For the committee, E. C. TRACY, Chairman. Montpelier, Oct. 22, 1842.

REPORT OF THE AUDITOR IN THE TREASURY

DEPARTMENT.

esigned him.

To his Excellency, the Governor of the State of Vermont :

The undersigned, Auditor in the Treasury, having attended to the duties assigned him by law, submits the following report of the operations of the Treasury Department, from the 14th day of October last, the day on which the present Treasurer came into that office, up to the 30th day of Sept. 1842:

Treasury Dhich the present

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The State of Vermont in account with John SPALDING, ESQUIRE, Treasurer :

DEBTOR.
To cash paid debenture of the General Assembly, . $15,719 98

debenture of Council of Censors,
Governor Jenison, balance of last year's salary, 150 00
Governor Paine, three fourths of present year's salary, 562 50
Judges of Supreme Court their salaries for

present and part of past year, 8029 88
deduct fees by them receiv'd in civil suits, 3130 38

4,899 50 Supreme and County Court orders,

26,109 07 Auditor's orders,

9,825 71 A. Sabin, Secretary of State, half year's salary, 137 50 F. F. Merrill, Clerk of the House, one half of last year and one half of this year's salary, .

275 00 A. L. Brown, Assistant Clerk, half year's salary, D. W. C. Clarke, Secretary of the Senate, half year's salary,

125 00 E. A. Stansbury, Ass't Secretary of Senate, one

half of last year and one half of this year's salary, 125 Geo. B. Manser, Secretary of Civil and Military

Affairs, one half of last year's salary, . 100 00 H. Hale, secretary of Civil and Military Affairs, one year's salary in part, .

· 150 00 Del Billings, Engrossing Clerk, one half of last

year and one half of this year's salary, . 150 00 A. W. Kinney, Librarian, his salary for present year and one half of last year,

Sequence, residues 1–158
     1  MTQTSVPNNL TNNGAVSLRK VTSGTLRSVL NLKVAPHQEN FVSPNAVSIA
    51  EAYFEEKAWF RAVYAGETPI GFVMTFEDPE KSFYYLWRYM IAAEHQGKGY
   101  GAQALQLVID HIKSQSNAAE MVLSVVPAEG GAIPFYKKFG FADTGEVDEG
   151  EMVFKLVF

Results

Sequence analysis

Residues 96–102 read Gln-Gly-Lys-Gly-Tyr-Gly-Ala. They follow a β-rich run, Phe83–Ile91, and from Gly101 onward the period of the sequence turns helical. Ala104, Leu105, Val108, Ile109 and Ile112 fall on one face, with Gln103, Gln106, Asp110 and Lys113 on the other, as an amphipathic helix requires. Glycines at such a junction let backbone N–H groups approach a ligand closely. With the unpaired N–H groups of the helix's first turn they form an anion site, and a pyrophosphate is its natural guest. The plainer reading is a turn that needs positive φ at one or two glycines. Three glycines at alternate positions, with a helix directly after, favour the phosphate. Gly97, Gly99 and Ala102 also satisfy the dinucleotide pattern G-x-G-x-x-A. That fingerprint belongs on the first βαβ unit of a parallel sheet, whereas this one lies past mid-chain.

112 50 Wm. Weston, Reporter of Decisions of Supreme Court, three quarters of a year's salary,

337 50

. D. Pierce, Auditor of Accounts, one year's salary, 150 00 E. S. Camp, Sargeant-at-Arms, salary, . 75 00 F. W. Hopkins, Adjutant and Inspector General, one year's salary, .

250 00 John Spalding, Treasurer, and Commissioner of School Fund, .

500 00 To cash paid Commissioners of deaf, dumb and blind, .. 2,907 98

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drafts of Adjutant General, and Commd't of Reg.,
expense of drills, &c.

907 15 special appropriations by acts of legislature,. 3,262 44 fox certificates,

1,220 25 bear do.

203 00 wolf do. crow do.

3 20 cocoon and silk premiums,

1,891 17 town of Woodford, interest on surp. money, 56 57 do. Concord,

do.

147 67 do. Canaan,

do.

53 42 do. Williston,

230 31 do. Lemington,

52 42 do. Vergennes,

143 09 do. St George,

19 33 do. Marlboro',

174 46

877 27 A. Willard, on loan to state of $5,000, 2,000 00 do. interest on said loan,

300 00

2,300 00 Bank of Burlington, on loan to the state of

$5,000, : 3,000 00 do interest on said loan, 288 25

3,288 25 Bank of Montpelier, on loan,

320 00 do. interest on said loan, 70 94

390 94 Int. on advances, to B'k of Burlington, bal. due last

year, 6 88
Bank of Rutland, do. 6 35
B’k of Bellows Falls, do 600
Bank of Brattleboro' do. 8 99
Bank of Caledonia, do. 77

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Bank of Caledonia, bal. due this year, 2 08 J. R. Langdon, interest on loan to the state, 300 00 Bank of St. Albans, interest on account of safety fund, 17 57 cash loaned on account of safety fund,

1,800 00 cash paid sundry towns on new distribution of surplus revenue,

34,239 07 Balance in the Treasury,

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CREDIT,
By balance in the Treasury on the 14th Oct., 1841,

2,007 99 By cash received for taxes, principal, . 55,377 60 interest on arrearage of taxes,

1,077 09—56,454 69 received on liquidated claim against town of Montpelier, .

50 00 interest on said claim, .

16 50— 66 50 By cash interest on R. & M. Beach's note to State Treasurer, 26 68 received of D. Pierce, agent,

100 00 received of the several State's Attorneys,

5,711 83 of Clerks of Supreme and County courts,

431 94 principal paid on school fund notes, 10,202 07 iuterest paid on the same,

. 3,415 00—13,617 07 for pedlers' licenses,

. 1,252 06
received from Banks, dividends for school
fund,-Bank of St. Albans,

Ibans, . 290 00
Farmers' Bank,

541 37
Bank of Orange County,

240 00 Bank of Woodstock,

600 00 Bank of Middlebury, .

506 25 Manchester Bank,

233 33 Bank of Brattleboro,'.

636 33 Bank of Burlington,

360 40 Bank of Bellows Falls,

400 00 Farmers and Mechanics' Bank, 381 50 Bank of Rutland,

240 004,339 18 received on claims of Vermont State Bank, 814 97 interest received on same, .

113 65928 62 safety fund contributions from sundry Banks, 4,583 24 By Cash received of sundry towns, on new distribution of Surplus Revenue,

34,259 99

$123,779 79 Which is respectfully submitted,

JOSEPH BERRY, Auditor. Montpelier, September 30, 1842.